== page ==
The Complete Works in Philosophy, Politics and Morals of the late Dr. Benjamin Franklin, Vol. 1 [of 3]

By Benjamin Franklin

Page 178

times, in the air, with the swiftest motion I could possibly
give it, yet it retained its electric atmosphere, though it must have
passed through eight hundred yards of air, allowing my arm in giving
the motion to add a foot to the semi-diameter of the circle.--By
quite dry air, I mean the dryest we have: for perhaps we never have
any perfectly free from moisture. An electrical atmosphere raised
round a thick wire, inserted in a phial of air, drives out none of
the air, nor on withdrawing that atmosphere will any air rush in, as
I have found by a curious experiment[61] accurately made, whence we
concluded that the air's elasticity was not affected thereby.


From the prime conductor, hang a bullet by a wire hook; under the
bullet, at half an inch distance, place a bright piece of silver
to receive the sparks; then let the wheel be turned, and in a few
minutes, (if the repeated sparks continually strike in the same spot)
the silver will receive a blue stain, nearly the colour of a watch

A bright piece of iron will also be spotted, but not with that
colour; it rather seems corroded.

On gold, brass, or tin, I have not perceived it makes any impression.
But the spots on the silver or iron will be the same, whether the
bullet be lead, brass, gold, or silver.

On a silver bullet there will also appear a small spot, as well as on
the plate below it.


[58] Cadwallader Colden, who was afterwards lieutenant-governor of
New-York. _Editor._

[59] This proposition is since found to be too general; Mr. Wilson
having discovered that melted wax and rosin will also conduct.

[60] A cold dry wind of North America.

[61] The experiment here mentioned was thus made. An empty phial
was stopped with a cork. Through the cork passed a thick wire,
as usual in the Leyden experiment, which wire almost reached the
bottom. Through another part of the cork passed one leg of a small
glass syphon, the other leg on the outside came down almost to the
bottom of the phial. This phial was first held a short time in the
hand, which, warming, and of course rarefying the air within, drove
a small part of it out through the syphon. Then a little red ink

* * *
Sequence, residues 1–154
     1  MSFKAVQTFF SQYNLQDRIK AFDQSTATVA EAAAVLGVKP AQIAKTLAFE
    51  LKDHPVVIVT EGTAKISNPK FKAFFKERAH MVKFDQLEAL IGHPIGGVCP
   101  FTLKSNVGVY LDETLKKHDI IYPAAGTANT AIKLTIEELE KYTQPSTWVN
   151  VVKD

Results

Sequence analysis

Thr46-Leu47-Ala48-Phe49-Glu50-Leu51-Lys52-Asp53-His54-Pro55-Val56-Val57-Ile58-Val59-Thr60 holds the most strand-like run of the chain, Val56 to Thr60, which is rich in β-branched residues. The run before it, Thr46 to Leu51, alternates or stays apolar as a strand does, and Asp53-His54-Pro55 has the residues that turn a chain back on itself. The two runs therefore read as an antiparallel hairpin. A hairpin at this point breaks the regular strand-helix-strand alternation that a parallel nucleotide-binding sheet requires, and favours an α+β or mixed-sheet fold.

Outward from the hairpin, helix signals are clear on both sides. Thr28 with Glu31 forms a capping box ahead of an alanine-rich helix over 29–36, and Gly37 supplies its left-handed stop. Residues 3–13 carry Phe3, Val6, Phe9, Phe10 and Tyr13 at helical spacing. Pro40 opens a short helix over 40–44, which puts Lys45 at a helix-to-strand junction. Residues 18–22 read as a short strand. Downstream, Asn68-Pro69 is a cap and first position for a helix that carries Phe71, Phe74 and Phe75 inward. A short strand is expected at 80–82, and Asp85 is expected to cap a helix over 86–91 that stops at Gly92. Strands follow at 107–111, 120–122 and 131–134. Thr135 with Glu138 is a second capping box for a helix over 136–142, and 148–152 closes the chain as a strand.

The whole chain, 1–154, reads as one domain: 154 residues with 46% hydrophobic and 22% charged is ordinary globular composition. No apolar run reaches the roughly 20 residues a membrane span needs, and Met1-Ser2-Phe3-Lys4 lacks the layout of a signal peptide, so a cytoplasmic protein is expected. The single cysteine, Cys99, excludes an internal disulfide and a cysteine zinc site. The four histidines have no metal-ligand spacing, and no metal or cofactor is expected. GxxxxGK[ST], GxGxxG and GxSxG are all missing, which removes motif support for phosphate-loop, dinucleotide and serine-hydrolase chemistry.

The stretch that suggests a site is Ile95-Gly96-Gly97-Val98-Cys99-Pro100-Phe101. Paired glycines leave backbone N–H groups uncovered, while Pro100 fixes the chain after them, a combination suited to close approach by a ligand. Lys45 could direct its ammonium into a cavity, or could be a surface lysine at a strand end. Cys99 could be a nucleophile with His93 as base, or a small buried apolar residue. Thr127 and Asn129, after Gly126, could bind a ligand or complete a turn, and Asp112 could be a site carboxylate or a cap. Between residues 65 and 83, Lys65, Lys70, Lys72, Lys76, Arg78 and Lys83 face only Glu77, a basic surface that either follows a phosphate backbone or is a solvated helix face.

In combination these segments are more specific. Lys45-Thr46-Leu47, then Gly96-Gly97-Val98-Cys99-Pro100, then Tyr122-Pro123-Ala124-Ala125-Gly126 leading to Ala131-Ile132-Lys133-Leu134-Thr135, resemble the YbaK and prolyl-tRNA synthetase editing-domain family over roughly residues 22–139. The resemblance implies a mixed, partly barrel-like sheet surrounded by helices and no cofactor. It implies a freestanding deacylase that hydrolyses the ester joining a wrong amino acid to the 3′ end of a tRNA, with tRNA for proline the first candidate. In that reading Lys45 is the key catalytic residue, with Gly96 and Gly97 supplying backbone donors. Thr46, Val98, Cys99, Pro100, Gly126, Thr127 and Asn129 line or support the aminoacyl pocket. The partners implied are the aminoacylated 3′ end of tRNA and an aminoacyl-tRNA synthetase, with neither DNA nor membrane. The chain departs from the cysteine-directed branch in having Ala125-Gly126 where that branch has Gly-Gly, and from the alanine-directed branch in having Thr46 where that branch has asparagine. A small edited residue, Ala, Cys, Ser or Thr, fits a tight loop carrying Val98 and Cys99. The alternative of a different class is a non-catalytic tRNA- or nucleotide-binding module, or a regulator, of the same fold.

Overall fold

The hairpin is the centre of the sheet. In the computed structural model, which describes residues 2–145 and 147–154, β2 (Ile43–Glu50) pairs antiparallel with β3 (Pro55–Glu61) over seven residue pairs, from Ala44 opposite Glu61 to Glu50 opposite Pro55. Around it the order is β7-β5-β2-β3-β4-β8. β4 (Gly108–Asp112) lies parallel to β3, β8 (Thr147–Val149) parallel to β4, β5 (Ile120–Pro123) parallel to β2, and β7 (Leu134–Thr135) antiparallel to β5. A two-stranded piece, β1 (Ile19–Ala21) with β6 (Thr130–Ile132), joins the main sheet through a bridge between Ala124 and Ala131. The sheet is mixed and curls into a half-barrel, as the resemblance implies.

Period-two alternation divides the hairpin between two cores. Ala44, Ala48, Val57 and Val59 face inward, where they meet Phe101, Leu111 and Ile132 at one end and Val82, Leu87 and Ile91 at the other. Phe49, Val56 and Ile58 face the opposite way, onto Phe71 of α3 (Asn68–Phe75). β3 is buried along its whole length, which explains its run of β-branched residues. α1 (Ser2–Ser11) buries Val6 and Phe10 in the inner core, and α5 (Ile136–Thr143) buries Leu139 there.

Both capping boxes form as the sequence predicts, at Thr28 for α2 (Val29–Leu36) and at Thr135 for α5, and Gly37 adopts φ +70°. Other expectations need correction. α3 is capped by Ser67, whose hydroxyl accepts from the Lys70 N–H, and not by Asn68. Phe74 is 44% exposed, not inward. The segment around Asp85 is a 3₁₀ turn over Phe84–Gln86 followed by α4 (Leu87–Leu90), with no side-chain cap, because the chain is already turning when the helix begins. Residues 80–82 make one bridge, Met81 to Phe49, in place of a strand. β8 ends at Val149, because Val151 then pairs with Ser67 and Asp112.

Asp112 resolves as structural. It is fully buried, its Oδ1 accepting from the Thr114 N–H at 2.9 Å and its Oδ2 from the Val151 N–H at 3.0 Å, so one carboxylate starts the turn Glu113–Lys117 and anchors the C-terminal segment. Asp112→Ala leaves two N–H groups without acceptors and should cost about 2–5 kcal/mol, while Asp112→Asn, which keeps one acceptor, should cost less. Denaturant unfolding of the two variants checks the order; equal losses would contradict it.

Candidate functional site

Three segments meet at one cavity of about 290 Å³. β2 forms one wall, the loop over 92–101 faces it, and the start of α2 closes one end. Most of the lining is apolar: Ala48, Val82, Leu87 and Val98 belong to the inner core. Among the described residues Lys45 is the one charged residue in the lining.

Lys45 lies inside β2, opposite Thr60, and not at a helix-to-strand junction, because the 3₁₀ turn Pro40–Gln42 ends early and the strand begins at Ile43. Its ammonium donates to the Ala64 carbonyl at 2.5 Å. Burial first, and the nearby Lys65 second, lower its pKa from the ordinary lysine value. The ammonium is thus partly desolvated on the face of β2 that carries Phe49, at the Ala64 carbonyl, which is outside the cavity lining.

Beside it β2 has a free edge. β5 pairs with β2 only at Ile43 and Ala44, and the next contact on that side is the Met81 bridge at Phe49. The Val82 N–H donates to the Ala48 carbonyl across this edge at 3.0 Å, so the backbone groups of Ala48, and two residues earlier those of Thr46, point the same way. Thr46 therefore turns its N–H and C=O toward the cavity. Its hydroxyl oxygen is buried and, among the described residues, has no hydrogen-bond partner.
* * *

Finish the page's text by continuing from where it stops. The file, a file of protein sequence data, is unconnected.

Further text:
in a tea-spoon was applied to the opening of the outer leg of the
syphon; so that as the air within cooled, a little of the ink might
rise in that leg. When the air within the

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Text Comparison with Franklin's Autobiography (Eclectic English Classics)

Page 12
Accordingly, in the evening, when the workmen were gone, I assembled a number of my playfellows, and working with them diligently like so many emmets,[22] sometimes two or three to a stone, we brought them all away and built our little wharf.
Page 15
Mather's called "Essays to Do Good," which perhaps gave me a turn of thinking that had an influence on some of the principal future events of my life.
Page 20
Hearing their conversations and their accounts of the approbation their papers were received with, I was excited to try my hand among them; but, being still a boy, and suspecting that my brother would object to printing anything of mine in his paper if he knew it to be mine, I contrived to disguise my hand, and, writing an anonymous paper, I put it in at night under the door of the printing house.
Page 22
When he found I would leave him, he took care to prevent my getting employment in any other printing house of the town, by going round and speaking to every master, who accordingly refused to give me work.
Page 23
6, old style).
Page 46
He continued to write frequently, sending me large specimens of an epic poem which he was then composing, and desiring my remarks and corrections.
Page 57
Meredith persuaded me to comply, as it would give more opportunity for his improvement under my daily instructions; so I returned, and we went on more smoothly than for some time before.
Page 60
We had scarce opened our letters and put our press in order, before George House, an acquaintance of mine, brought a countryman to us, whom he had met in the street inquiring for a printer.
Page 81
Her ways are ways of pleasantness, and all her paths are peace.
Page 83
{ 6} Put things in their places.
Page 118
He did so, for he asked of everybody, and he obtained a much larger sum than he expected, with which he erected the capacious and very elegant meetinghouse that stands in Arch Street.
Page 124
, and to draw on the treasury of Great Britain for the expense, which was afterward to be refunded by an act of Parliament laying a tax on America.
Page 127
He thanked me, and replied that he ever made it a point to wait upon himself, and, although he began to find himself infirm, he was determined not to increase his infirmities by giving way to them.
Page 146
War was declared in 1756.
Page 155
" The general replied: "If you can do it in one day, I give leave; otherwise not; for you must certainly sail the day after to-morrow.
Page 160
I recollected that about twenty years before, a clause in a bill brought into Parliament by the ministry had proposed to make the king's instructions laws in the colonies, but the clause was thrown out by the Commons, for which we adored them as our friends and friends of liberty, till by their conduct toward us in 1765 it seemed that they had refused that point of sovereignty to the king only that they might reserve it for themselves.
Page 162
Accordingly they petitioned the king in Council, and a hearing was appointed in which two lawyers were employed by them against the act, and two by me in support of it.
Page 163
] [Footnote 200: By French vessels.
Page 169
You expect they will be sold cheap, and perhaps they may for less than they cost; but, if you have no occasion for them, they must be dear to you.
Page 175
= Your classmates will be interested in a report on the Franklin stove.